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Halloween From the Start

Since the first residents of Greenbelt were moving in just a little before Halloween, and the new town’s newspaper, The Cooperator, published its first edition in November 1937, we only have a few references to that first October 31. New Greenbelt resident Gladys Long shared her memories in an oral history. "The first Halloween in 1937 -- a party held at Center School in the auditorium. We were asked to dress in clothes that we wore on the day we moved in, and not to wear masks, as we were all newcomers. We drew numbers as to partners. I drew a fine young family man from Crescent Road and my husband drew Mrs. Teddy Murray. Our friendship with the Murrays has continued all these years."

The table at a Halloween-themed birthday party at Greenbelt pioneer family, the Gerstel's home, circa 1949. Courtesy Marshall Gerstel.

A bit of historical background about Halloween in the 1930’s tells us that organized celebrations like the one at Center School were becoming the norm. For many years, adults were quite tolerant of juvenile pranks on October 31. However, in 1933, during the Great Depression, there was widespread destruction by young men across the country on All Hallows’ Eve, including the overturning of vehicles, sawing of telephone poles and other acts of mayhem. After this, adults began organizing events to channel the energy more appropriately. Haunted houses, trick or treating, costume parades, and parties became popular.

By the next year, Greenbelt was holding its “first masquerade” in the school auditorium, with awards for best costumes and “Halloween surprises.” Tickets were delivered door to door by the Girl Scouts. The elementary school classes also held parties for the holiday, inviting their mothers as guests. Since the school was progressive, the children learned by doing, and part of their lesson was costume planning and design.

1939 saw a costume parade at the school and numerous children’s “open air masquerade” parties, with a large one held at the circle near 33 Ridge Road, D block. The costumed children were “shouting, blowing horns, and whirring rattlers.”

Leo Gerton, long-time proprietor of the High's Dairy Store that was in the Center, helps several youngsters with the annual Trick or Treat for UNICEF drive. Photo by Seymour Kaplan. Greenbelt Museum Collection

Costume parades moved to the Youth Center, and on to the shopping center where they are held currently. Trick or Treat for UNICEF, collecting money door to door for UN children’s charities, started in the 1950s and was an annual endeavor with local sponsorship. In 1956 the children of Greenbelt collected $263 for UNICEF, going door to door.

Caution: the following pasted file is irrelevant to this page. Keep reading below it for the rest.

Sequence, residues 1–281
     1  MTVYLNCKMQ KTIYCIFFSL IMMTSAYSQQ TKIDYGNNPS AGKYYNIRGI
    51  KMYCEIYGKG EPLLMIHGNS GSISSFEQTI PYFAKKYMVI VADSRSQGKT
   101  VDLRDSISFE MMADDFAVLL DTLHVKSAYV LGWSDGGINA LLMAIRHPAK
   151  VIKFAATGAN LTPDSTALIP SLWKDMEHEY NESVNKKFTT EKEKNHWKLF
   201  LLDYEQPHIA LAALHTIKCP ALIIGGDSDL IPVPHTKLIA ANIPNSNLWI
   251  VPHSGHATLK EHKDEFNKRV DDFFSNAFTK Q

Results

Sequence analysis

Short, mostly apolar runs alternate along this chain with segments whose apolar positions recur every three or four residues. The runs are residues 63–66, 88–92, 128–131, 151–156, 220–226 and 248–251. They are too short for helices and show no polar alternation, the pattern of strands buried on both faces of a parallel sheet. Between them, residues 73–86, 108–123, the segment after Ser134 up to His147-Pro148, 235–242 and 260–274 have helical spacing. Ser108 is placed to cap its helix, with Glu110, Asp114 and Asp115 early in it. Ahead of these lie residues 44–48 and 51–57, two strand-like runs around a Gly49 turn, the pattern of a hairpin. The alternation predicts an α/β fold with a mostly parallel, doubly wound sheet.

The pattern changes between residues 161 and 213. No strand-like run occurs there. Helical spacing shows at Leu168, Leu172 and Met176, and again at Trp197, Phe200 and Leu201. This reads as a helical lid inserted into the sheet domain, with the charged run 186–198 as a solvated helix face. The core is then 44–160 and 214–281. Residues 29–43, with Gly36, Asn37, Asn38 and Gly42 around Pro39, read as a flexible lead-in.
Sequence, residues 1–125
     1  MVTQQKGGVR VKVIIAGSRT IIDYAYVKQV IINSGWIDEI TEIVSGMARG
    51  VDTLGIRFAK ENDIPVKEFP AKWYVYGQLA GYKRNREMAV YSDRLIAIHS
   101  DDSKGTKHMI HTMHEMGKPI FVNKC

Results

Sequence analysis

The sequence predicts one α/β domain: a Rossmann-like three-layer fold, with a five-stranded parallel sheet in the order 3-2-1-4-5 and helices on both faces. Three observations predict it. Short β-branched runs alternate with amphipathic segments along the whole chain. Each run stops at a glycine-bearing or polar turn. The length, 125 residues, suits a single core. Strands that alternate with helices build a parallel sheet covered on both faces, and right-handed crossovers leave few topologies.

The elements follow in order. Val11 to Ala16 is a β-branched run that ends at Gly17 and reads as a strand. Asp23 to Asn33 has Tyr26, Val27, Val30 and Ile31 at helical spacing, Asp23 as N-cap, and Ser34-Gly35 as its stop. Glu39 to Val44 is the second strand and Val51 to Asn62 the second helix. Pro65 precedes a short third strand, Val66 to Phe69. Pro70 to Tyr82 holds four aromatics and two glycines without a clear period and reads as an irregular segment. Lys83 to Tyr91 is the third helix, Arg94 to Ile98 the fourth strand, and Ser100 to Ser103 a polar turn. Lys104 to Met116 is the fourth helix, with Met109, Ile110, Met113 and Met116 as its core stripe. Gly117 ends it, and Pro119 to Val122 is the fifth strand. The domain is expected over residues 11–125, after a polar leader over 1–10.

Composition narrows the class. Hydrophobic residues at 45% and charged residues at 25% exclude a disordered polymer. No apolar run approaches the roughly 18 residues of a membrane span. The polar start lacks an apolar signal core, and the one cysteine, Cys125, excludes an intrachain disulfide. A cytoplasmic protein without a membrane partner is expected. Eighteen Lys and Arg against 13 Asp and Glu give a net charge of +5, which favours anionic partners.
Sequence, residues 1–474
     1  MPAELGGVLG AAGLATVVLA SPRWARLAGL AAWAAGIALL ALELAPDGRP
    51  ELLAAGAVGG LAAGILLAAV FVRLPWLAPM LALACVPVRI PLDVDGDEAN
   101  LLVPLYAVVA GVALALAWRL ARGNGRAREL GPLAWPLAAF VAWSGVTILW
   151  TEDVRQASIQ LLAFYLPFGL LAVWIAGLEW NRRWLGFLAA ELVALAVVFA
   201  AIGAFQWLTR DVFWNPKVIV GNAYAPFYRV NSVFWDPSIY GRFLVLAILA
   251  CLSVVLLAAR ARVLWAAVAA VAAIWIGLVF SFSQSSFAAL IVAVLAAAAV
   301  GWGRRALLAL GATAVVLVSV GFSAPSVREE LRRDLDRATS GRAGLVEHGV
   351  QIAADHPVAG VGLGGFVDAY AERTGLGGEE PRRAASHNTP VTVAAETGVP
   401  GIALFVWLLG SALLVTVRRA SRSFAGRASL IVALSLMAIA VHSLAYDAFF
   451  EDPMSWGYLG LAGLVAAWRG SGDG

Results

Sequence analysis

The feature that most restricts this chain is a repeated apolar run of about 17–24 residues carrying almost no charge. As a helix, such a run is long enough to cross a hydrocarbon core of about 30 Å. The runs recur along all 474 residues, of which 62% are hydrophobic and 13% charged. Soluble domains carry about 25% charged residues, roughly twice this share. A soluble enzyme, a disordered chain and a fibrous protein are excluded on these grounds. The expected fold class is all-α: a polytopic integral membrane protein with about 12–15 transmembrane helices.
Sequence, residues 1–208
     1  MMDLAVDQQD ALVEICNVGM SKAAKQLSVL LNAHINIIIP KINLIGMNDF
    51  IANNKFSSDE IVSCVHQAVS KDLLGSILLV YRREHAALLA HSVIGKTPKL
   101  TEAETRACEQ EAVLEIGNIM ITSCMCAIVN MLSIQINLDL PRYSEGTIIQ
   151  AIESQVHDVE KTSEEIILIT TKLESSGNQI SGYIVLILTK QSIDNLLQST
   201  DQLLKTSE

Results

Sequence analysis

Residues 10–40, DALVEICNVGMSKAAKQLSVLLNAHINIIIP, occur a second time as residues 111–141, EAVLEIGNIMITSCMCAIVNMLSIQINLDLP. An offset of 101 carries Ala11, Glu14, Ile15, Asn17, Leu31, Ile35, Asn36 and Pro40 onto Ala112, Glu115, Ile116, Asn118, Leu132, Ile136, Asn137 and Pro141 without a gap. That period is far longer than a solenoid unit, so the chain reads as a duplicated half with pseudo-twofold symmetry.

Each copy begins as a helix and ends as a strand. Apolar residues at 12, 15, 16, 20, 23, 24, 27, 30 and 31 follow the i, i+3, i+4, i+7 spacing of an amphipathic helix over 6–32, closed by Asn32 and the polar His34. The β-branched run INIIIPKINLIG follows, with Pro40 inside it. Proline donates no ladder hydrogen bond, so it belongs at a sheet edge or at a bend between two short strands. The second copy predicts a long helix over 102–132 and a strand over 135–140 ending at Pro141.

Trick or Treating for candy in Greenbelt was popular from quite early on. Children could cover a lot of ground and collect a great deal of treats because of the dense layout of the homes. In the 1970's kids all spread the word of the top houses to visit, with the top recommendation being a former mayor’s home that was known for giving out full sized candy bars!

Greenbelt had significant problems with vandalism and pranks at Halloween time throughout many years. The police force beefed up its numbers with auxiliary recruits to handle holiday misdeeds in Greenbelt. Youths were known to abuse the Mother and Child statue in the (Roosevelt) Center. Broken windows, cut clotheslines, smashed outdoor lights, air let out of tires, were all Halloween night problems in the past. A woman was shot with an air rifle through her window. One of the most upsetting events was an act of anti-Semitic vandalism in 1943, where some youths painted a family name and an obscene expression against their religion on the family’s garage door. The police took this very seriously.

Newer additions to the Halloween festivities in Greenbelt include the Pumpkin Festival/Pumpkin Walk through the forest preserve, and the Fall Festival at Schrom Hills Park. This year the holiday will be celebrated a bit differently for health and safety reasons, but we can still enjoy seeing our neighborhood decorated, costumes and home centered fun! Check out the Museum’s scavenger hunt, if you’re looking for a CDC-approved activity.

Did you grow up in Greenbelt? What were your families Halloween traditions? Was your house decorated? We'd love to hear from you. Below are some of the vintage Halloween decorations that we display at the Museum's historic house. The house, sadly, isn't open this year, but hopefully we'll be able to put it all on display again next year.

Extra Credit: Learn all about the Trick or Treat for UNICEF tradition on their website. There's even a short film to watch!

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